The Iranian Revolution

Course Dates: 19/05/21 - 16/06/21
Time: 10:15 - 12:15
Location: Online
Tutors: 
This course will delve into the causes, trajectory, nature and impact of the 1979 Iranian Revolution, thus illuminating how the Islamic Republic came to be established.
This course will be delivered online. See the ‘What is the course about?’ section in course details for more information.
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Full fee £99.00 Senior fee £79.00 Concession £44.00

Course Code: HWH58

Wed, day, 19 May - 16 Jun '21

Duration: 5 sessions (over 5 weeks)

Or call to enrol:020 7831 7831

Please note: We offer a wide variety of financial support to make courses affordable. Just visit our online Help Center for more information on a range of topics including fees, online learning and FAQs.

What is the course about?

This course will focus on the causes, development, nature and impact of the 1979 Iranian revolution, while reflecting on how the Islamic Republic was established and how the event is still influencing contemporary international relations and perceptions. With Iran regularly in the news, its regional power, its Islamist political model and nuclear status are important topics of debate.

This course will provide an historical overview able to frame many of the contemporary debates around Iran, while also addressing important discussions around colonial relations in the Middle East, politics in Muslim contexts, Islam and gender, or how the Iranian revolution has been represented in art and media.
Finally, by analysing images, speeches and individual testimonies connected to the Iranian revolution, this course will reflect on how to ‘read’ political events, such as revolutions and uprisings.

This is a live online course. You will need:
- Internet connection. The classes work best with Chrome.
- A computer with microphone and camera is best (e.g. a PC/laptop/iMac/MacBook), or a tablet/iPad/smart phone/iPhone if you don't have a computer.
- Earphones/headphones/speakers.
We will contact you with joining instructions before your course starts.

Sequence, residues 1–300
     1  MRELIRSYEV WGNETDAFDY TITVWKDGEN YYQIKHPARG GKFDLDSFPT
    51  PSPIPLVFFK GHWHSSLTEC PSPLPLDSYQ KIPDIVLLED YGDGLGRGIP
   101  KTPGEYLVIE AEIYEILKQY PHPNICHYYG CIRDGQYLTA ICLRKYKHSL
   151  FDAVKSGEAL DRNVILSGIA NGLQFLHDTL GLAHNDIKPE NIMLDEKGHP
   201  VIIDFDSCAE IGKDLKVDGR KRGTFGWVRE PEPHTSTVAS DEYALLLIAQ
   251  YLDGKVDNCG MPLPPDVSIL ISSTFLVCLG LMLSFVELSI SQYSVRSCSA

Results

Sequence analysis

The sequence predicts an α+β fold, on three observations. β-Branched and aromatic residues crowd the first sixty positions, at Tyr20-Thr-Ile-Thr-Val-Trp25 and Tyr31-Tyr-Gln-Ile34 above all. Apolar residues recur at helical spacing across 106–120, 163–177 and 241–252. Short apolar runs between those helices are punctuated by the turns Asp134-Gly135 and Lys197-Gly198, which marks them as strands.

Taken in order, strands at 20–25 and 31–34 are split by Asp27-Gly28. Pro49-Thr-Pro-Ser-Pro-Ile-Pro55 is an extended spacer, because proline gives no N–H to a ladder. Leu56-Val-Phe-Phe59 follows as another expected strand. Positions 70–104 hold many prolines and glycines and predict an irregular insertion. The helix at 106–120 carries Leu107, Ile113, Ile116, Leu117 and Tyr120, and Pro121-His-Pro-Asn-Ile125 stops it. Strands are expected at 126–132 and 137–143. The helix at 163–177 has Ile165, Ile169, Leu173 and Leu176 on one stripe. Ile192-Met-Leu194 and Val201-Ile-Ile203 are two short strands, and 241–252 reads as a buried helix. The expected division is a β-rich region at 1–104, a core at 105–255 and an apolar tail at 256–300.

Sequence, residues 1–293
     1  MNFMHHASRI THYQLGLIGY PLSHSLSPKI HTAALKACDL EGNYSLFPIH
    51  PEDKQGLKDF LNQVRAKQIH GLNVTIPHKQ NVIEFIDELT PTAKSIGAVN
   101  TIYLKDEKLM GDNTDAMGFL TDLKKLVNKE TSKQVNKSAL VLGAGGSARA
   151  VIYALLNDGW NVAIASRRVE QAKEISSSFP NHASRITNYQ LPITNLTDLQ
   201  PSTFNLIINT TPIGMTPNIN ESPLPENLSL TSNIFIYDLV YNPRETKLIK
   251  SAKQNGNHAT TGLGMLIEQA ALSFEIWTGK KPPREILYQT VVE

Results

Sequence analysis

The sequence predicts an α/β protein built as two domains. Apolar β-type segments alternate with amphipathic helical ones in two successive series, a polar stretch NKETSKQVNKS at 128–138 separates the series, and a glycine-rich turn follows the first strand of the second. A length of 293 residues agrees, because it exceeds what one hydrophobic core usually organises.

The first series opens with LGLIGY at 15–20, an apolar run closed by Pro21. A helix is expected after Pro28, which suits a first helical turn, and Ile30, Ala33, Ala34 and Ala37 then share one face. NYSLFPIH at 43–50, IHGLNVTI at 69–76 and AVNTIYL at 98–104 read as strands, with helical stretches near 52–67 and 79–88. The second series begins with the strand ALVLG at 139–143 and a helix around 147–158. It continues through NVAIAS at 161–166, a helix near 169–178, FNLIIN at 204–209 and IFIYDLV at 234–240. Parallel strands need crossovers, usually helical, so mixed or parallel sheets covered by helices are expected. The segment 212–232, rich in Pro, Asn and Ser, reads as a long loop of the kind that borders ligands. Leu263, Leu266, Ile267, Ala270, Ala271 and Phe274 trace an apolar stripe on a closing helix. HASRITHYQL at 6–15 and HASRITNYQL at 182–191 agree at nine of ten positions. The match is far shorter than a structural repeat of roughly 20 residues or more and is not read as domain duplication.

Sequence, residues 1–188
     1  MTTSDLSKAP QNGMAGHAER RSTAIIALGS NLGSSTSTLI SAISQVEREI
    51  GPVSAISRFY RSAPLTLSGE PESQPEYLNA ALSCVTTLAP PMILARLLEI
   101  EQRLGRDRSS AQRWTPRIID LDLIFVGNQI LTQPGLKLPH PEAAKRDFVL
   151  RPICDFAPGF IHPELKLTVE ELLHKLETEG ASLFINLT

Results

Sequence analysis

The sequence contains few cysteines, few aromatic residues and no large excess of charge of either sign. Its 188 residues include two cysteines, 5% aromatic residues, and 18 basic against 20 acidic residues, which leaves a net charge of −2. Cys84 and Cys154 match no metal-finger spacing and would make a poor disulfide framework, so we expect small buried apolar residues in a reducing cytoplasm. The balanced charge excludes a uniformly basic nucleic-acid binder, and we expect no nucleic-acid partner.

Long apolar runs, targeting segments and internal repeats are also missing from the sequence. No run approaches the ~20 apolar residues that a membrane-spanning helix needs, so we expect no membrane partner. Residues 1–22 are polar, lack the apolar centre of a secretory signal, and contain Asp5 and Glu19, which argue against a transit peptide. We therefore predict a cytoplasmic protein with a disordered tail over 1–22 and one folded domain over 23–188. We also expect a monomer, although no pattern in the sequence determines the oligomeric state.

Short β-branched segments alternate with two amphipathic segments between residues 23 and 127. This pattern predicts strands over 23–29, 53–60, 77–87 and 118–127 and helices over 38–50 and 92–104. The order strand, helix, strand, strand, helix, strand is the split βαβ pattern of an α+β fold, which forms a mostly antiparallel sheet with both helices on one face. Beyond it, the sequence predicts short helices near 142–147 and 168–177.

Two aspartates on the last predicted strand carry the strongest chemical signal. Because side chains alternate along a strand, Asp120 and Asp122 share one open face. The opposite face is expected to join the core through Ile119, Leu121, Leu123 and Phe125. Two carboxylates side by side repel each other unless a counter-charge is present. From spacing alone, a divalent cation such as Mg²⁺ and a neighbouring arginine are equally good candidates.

What will we cover?

-the Pahlavi dynasty
-the 1953 coup
-the White Revolution
-Iran’s international relations before and after 1979
-Ideology and career of Ayatollah Khomeini
-Iran-Iraq war
-Orientalism, Sykes-Picot and the Cold War
-Gender and Feminism in Iran
-Iranian revolution in media and art
-Iran today: the Iranian diaspora and the debate around the nuclear deal.

What will I achieve?
By the end of this course you should be able to...

- identify some of the major causes of the revolution
- describe the nationalist, leftist, anti-monarchic and/or Islamic nature of the revolution
- state the significance of the event both regionally and globally
- understand the geopolitical, cultural and economic context in which the event unfolded.

What level is the course and do I need any particular skills?

This is an introductory course. There is no previous knowledge required or expected. A good level of English will be required to keep up with the course. As with all of our courses curiosity, an open mind, and willingness to engage is more important than any particular skills.

How will I be taught, and will there be any work outside the class?

The class will be taught through a combination of tutor presentations and class discussion. There may be some in- class reading, and engagement with testimonies, speeches and archive videos.
There will be no work outside of class, although reading can be recommended for those who wish to look at the subject in further detail.

Are there any other costs? Is there anything I need to bring?

There are no other costs.
A pen and paper, or laptop, to write notes may be useful.

Ervand Abrahamian, A History of Modern Iran (Cambridge University Press,
2008).
Ali Ansari, Modern Iran (Routledge, 2007).
Said Amir Arjomand, The Turban for the Crown (Oxford University Press,
1989).
Nikki Keddie, Modern Iran: Roots and Results of Revolution (Yale University
Press, 2006).
Hamid Dabashi, Ideology of Discontent. The Ideological Foundation of the Islamic Revolution in Iran (Transaction Publishers, 2006).
Haleh Afshar, Islam and Feminisms. An Iranian Case-Study (Palgrave Macmillan, 1998).

When I've finished, what course can I do next?

Check out our range of politics, economics and history courses on our website or in our prospectus.
General information and advice on courses at City Lit is available from the Student Centre and Library on Monday to Friday from 12:00 – 19:00.
See the course guide for term dates and further details.

We’re sorry. We don’t have a bio ready for the tutor of this class at the moment, but we’re working on it! Watch this space.